Remember Richard’s big breakthrough at the end of season 1 of “Silicon Valley”? The idea for “middle-out” compression? It turns out to be one piece of fictional technology that could earn them a Nobel Prize some day #softwaremagic
The New Yorker recently revealed that the idea came out from the show’s leading figures, co-creator Mike Judge and producer Alec Berg. The two approached their head consultant to pitch it and see if it made sense. Jonathan Dotan took it further, asking Stanford engineers Tsachy Weissman and Vinith Misra if it could be viable.
The two computer scientists mulled it over and proceeded to publish two papers on the topic. The theory could be groundbreaking as nowadays compression methods are traditionally top-down or bottom-up.
As you recall, Richard’s idea sounded like a dream to the Disrupt panel in the show, until he proved it by compressing a 3D video file of more than a hundred GB to less than half. The cherry on top? An unbelievable Weissman score (by the way, the score is a fictional concept developed by the same Tsachy Weissman).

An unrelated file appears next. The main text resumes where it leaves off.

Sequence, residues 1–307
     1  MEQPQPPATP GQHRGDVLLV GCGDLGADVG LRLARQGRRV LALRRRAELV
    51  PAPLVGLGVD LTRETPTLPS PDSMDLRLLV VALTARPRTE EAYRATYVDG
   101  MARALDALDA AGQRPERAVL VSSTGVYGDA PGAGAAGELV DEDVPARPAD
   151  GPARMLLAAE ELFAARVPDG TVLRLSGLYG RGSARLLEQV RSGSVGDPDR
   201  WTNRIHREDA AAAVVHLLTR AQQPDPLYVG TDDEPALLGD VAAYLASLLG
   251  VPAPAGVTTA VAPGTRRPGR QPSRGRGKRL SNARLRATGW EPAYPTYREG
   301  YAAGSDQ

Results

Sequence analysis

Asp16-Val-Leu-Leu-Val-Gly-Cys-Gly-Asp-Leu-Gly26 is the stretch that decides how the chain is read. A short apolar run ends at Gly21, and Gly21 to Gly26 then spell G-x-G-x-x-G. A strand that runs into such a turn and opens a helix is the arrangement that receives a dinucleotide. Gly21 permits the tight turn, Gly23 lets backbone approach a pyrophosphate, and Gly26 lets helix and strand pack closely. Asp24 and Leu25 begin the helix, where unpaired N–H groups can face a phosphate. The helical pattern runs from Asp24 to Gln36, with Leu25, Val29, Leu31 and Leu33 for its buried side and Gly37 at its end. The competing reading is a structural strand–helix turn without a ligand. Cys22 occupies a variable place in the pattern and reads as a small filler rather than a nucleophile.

The demo left the audience in awe, helping Pied Piper win the $50,000 prize. In real life, such an achievement would probably bring the two computer scientists a Nobel Prize. When/If that happens, then they would share the win with the heads of Silicon Valley: “[…] we do have an arrangement where, if Tsachy and Vinith ever perfect it, Mike and Alec will share the Nobel Prize with them.”
Another fun fact – to make all the fictional tech in Silicon Valley acceptable from a technical point of view, the show’s makers consult frequently with over 200 people.